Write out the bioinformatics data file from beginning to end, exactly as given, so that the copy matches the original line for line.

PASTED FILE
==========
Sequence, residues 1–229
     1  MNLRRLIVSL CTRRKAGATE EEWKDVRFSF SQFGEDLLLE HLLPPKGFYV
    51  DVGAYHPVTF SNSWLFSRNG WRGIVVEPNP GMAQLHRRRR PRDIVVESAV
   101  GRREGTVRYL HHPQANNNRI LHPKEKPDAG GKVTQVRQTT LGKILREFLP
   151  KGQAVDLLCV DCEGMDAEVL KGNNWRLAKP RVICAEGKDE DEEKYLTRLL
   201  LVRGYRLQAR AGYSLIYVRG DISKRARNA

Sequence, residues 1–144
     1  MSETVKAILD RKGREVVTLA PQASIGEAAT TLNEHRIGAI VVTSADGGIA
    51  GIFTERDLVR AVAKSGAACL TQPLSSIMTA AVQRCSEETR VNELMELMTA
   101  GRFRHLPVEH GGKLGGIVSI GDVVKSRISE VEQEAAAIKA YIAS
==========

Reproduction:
Sequence, residues 1–229
     1  MNLRRLIVSL CTRRKAGATE EEWKDVRFSF SQFGEDLLLE HLLPPKGFYV
    51  DVGAYHPVTF SNSWLFSRNG WRGIVVEPNP GMAQLHRRRR PRDIVVESAV
   101  GRREGTVRYL HHPQANNNRI LHPKEKPDAG GKVTQVRQTT LGKILREFLP
   151  KGQAVDLLCV DCEGMDAEVL KGNNWRLAKP RVICAEGKDE DEEKYLTRLL
   201  LVRGYRLQAR AGYSLIYVRG DISKRARNA

Sequence, residues 1–144
     1  MSETVKAILD RKGREVVTLA PQASIGEAAT TLNEHRIGAI VVTSADGGIA
    51  GIFTERDLVR AVAKSGAACL TQPLSSIMTA AVQRCSEETR VNELMELMTA
   101  GRFRHLPVEH GGKLGGIVSI GDVVKSRISE VEQEAAAIKA YIAS